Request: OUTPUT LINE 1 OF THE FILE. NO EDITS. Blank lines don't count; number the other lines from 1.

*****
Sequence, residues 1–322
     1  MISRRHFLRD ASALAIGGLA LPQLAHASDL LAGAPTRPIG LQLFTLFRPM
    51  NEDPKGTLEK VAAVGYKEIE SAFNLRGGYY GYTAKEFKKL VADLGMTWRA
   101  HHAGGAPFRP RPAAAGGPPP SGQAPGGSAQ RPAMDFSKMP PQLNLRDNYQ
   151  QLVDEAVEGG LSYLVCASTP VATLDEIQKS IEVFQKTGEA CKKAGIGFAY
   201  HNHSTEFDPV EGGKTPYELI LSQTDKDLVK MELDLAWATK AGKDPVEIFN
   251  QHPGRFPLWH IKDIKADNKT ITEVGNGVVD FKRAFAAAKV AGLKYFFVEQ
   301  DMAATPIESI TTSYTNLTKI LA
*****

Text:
Sequence, residues 1–322